San Jose State University deployed Cisco 1800S wireless sensors within Cisco DNA Center to measure and improve the user experience across their entire wireless network. See how Cisco’s wireless sensors helped improve onboarding, DHCP performance, DNS response time, and overall web site performance for their users.
As the networking director of San Jose State University–or rather, a small city of about 40K people where the wireless network is the most visible service–I have always struggled with the gap between what my network management tools tell me about the wireless network and what the actual user experience is.
For some time, I have argued that just because my network assurance solution shows all green, it doesn’t mean that zero users are having a dismal wireless experience. I have to ask myself, are the four service tickets we get a week on average representative of the wireless network issues as a whole or are they a proxy indicator? Let’s face it, some users don’t open helpdesk tickets, they just vent on social media. These have been my user experience pickles!
Measuring the user experience has been something I have been trying to get my hands around–for me it is the proverbial pot of gold at the end of the rainbow. Probably one of the reasons I have been so intrigued with wireless sensors is because they are not a synthetic client, they’re a “real” client with vast automation. My initial attempts at leveraging wireless sensors proved to be quite time consuming. For me, the 30 sensors required 4 to 6 hours of setup time before the actual testing could commence. Both sensors and test setup consuming the better part of a day really isn’t conducive to measuring the highly dynamic fluctuations of a wireless network.
Happily, things changed markedly for the better when we upgraded our sensors and our Cisco DNA Center to version 1.3.3. Our Cisco DNA Advantage for Wireless software subscription includes upgrades to the latest innovations and any new capabilities (like new sensor software and workflows) developed within the IBN (intent-based networking) framework and the assurance platform within DNA Center.
From Hours to Minutes
With the new workflows in Cisco DNA Center 1.3.3, those same 30 sensors are automatically discovered and easily onboarded in about 20 minutes. Once the sensors are onboarded, the complete wireless sensor test setup from beginning to end takes less than 10 minutes. Now we’re getting somewhere, and we can easily measure our user’s experience! Additionally, the sensors themselves are integrated into the issues dashboard for real time monitoring.
Wireless Network Assessment Using Sensor Tests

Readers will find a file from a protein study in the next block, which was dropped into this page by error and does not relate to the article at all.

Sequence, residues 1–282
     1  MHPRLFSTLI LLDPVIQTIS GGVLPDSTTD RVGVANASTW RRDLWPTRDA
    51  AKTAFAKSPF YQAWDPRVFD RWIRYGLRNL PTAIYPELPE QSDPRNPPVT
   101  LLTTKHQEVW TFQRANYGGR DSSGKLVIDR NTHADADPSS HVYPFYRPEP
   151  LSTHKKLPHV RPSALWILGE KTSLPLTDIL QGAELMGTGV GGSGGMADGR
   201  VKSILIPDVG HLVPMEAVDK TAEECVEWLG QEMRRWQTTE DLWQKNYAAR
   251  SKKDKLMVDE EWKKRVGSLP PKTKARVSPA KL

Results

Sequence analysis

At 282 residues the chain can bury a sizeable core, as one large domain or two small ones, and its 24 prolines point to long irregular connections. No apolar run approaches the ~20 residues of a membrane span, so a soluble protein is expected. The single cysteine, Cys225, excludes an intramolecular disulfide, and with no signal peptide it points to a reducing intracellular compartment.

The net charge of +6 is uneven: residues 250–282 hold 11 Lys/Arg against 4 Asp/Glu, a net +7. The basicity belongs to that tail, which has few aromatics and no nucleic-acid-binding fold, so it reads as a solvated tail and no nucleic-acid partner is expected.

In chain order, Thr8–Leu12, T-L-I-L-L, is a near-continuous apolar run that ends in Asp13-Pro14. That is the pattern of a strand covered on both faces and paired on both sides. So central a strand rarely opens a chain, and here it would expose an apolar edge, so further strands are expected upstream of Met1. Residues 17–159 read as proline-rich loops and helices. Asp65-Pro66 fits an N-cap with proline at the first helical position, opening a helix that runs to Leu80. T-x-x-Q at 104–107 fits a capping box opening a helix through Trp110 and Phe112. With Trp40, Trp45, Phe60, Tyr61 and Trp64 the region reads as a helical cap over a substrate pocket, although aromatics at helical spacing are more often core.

With the new software and workflow, we test and measure onboarding, DHCP performance, DNS response time and Web site performance. There are some additional tests which don’t apply to us such as FTP, radius, email, and more. Some of the test options we use are pictured below:
One particular capability that we rely on: Each sensor can now run a test against a preset number of access points in the “neighborhood”. Meaning a single sensor can target and validate multiple access points in the area assuming a minimal level of RSSI (we prefer -70dBm). This has helped us identify problematic APs in our network and zero in on wireless channel interference.
Consolidated Test Result Dashboard
So now for the smile moment: Inside the Cisco DNA Center Assurance under dashboards, the “Wireless Sensor” page paints the user experience picture very quickly. This dashboard provides summarized results and also contextual location results based on sites, buildings, or floors. As I had hoped, the speed tests were working consistently; this is an important measurement point as this is a common wireless complaint (slow wireless).
The dashboard also indirectly provides guidance on where not to place sensors (see the two red locations in the below screenshot). As you can see, we placed two sensors in locations that were convenient for us (in a data closet for easy POE access), but not optimal for wireless testing. Think about what you are trying to test and where to test it. The dashboard showed us that we needed to relocate those two sensors to areas closer to where our users congregate.
I would like to encourage readers who are planning on using the sensors to keep a subset of sensors to move around to monitor special events or install them in reported trouble areas. This is immensely important for high profile meetings where measuring after the fact is pointless. When moving or relocating the sensors, all you have to do is assign their new location in the Provision Devices section and the test suite will “automagically” start testing in that area.
Overall, I am very happy with the new workflow and capabilities of the sensor and how Cisco DNA Center has provided me with a true user experience measurement capability. I am planning on adding many more sensors–in classrooms, meeting spaces and study spaces on campus–to provide us with an even more holistic and granular view of our users’ experience (and get me even closer to that pot of gold!).
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